- A new code of practice is nearing completion to guide municipalities on how to respond in the event of Stage 9 load shedding or beyond, addressing the ongoing energy crisis in South Africa.
- The National Rationalisation Specifications (NRS) association is managing consultations with various stakeholders in the energy sector to create a comprehensive set of guidelines.
- The updated code, which will be submitted to the National Energy Regulator of South Africa (Nersa) for legal status, aims to prevent errors that could lead to the national grid collapsing and to provide a framework for more severe load shedding scenarios.
As South Africa continues to grapple with power supply challenges, a new code of practice is nearing completion, outlining how municipalities must respond in the event of Stage 9 load shedding or beyond. The National Rationalisation Specifications (NRS) association, responsible for managing consultations surrounding the code of practice, has been working closely with various stakeholders in the energy sector to create a comprehensive set of guidelines.
Eskom’s National Control Centre or System Operator has the responsibility of deciding when and how much load shedding is necessary. This decision is then relayed to bulk electricity users and distributors, such as municipalities, who are instructed to drop the load to stabilize the grid frequency and balance demand with supply.
The codes of practice determine how the load is shared among users. The previous code of practice provided directives up to Stage 8, as higher stages were not considered likely at the time. However, given the ongoing energy crisis, it has become necessary to prepare for more severe load shedding scenarios.
Vally Padaychee, chair of the NRS association, stated in a recent interview that the new code will be submitted to the National Energy Regulator of South Africa (Nersa) within the next few days. Once Nersa adopts the code, it will gain legal status. The codes are based on the key principle of equity, as prescribed in the Electricity Regulation Act.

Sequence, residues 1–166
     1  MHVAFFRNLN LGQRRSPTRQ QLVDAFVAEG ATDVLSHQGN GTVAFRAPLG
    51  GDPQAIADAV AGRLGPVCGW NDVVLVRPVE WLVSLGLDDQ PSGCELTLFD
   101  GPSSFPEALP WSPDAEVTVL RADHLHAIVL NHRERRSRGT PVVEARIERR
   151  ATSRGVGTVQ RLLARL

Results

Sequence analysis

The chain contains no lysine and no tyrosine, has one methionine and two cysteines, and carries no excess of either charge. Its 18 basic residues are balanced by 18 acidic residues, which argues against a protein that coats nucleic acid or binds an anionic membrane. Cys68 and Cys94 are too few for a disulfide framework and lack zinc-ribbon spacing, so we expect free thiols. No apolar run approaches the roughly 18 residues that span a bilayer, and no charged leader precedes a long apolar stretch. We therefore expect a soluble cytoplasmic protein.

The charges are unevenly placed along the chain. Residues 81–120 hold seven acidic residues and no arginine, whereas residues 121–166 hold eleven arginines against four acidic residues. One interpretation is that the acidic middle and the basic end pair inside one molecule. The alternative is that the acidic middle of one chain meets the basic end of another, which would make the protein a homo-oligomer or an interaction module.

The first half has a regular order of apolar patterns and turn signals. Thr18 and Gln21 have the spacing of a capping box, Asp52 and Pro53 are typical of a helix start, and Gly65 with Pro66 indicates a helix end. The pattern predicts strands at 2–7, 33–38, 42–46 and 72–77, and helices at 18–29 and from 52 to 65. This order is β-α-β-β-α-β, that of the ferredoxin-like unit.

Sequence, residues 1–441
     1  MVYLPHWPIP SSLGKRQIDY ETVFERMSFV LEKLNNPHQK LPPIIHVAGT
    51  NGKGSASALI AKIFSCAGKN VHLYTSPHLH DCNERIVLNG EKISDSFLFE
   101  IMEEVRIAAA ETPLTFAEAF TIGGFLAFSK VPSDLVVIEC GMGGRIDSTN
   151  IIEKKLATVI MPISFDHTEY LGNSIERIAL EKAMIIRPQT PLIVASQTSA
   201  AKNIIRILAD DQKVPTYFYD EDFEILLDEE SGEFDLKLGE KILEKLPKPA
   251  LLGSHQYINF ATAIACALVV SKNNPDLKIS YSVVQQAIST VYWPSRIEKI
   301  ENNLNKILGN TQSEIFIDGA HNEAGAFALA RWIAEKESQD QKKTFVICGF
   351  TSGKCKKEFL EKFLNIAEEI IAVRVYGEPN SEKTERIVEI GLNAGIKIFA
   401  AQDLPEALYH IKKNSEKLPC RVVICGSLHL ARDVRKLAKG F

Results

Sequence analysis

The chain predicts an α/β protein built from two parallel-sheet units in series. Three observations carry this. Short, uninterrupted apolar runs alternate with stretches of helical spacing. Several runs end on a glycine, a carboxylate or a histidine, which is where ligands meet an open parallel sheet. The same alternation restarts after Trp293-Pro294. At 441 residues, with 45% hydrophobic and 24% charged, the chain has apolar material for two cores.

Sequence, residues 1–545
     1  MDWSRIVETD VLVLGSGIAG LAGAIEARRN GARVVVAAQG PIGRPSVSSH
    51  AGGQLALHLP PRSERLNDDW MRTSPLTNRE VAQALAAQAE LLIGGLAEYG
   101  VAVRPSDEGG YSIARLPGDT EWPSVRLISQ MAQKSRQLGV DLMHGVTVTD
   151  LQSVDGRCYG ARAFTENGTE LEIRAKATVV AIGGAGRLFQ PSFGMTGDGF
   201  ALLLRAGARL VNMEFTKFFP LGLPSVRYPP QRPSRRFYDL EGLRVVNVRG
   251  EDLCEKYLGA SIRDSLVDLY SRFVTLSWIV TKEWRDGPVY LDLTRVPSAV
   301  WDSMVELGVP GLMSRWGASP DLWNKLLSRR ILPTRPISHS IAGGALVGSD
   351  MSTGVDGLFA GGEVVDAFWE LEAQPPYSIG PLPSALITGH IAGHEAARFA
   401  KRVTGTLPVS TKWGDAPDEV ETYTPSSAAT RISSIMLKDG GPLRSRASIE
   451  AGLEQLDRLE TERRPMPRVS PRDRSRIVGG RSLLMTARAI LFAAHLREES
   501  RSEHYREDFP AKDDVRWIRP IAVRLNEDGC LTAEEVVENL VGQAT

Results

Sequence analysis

Padayachee emphasized the urgency of finalizing the updated code, as there is no guarantee that the country will not experience load shedding beyond Stage 8 during the winter season. In the absence of a new code, the System Operator and municipal electricity distributors would have to rely on their own operating procedures to protect the national grid, increasing the likelihood of human error.
The NRS code, according to Padayachee, serves as an “excellent tool designed to prevent System Operator and municipal electricity distributors from making errors that could lead to the national grid collapsing.”
The NRS association involves all entities in the electricity supply and distribution industry, including municipalities, Eskom, and Nersa. The South African Bureau of Standards (SABS) is also a part of the association.
Each load shedding stage requires 1,000 MW to be dropped from the grid. Stage 8, for example, entails 48 hours of load shedding within a four-day cycle of 96 hours, implemented in 12 four-hour blocks. This means that during Stage 8, consumers will be without electricity for half of the time.
Stage 9 would require more hours of load shedding, and the objective of the new code is to advise on how this would be implemented between various load centers.
In addition to load shedding by electricity distributors, the system operator also uses “curtailment” of large industrial customers to balance the grid. The scale of load reduction, which is the technical term for load shedding, therefore includes both load shedding and curtailment.
While the NRS codes guide municipalities, the system operator retains the sole right to decide when and how to balance the load – using both load reduction and reserves, such as pumped storage or diesel – on a minute-to-minute basis.
Padayachee, rumored to be shortlisted for the position of Eskom CEO, did not comment on the selection process, as it is still ongoing.
The updated code of practice will provide a much-needed framework for municipalities and the energy sector as a whole, as they prepare for the possibility of more severe load shedding scenarios in the future.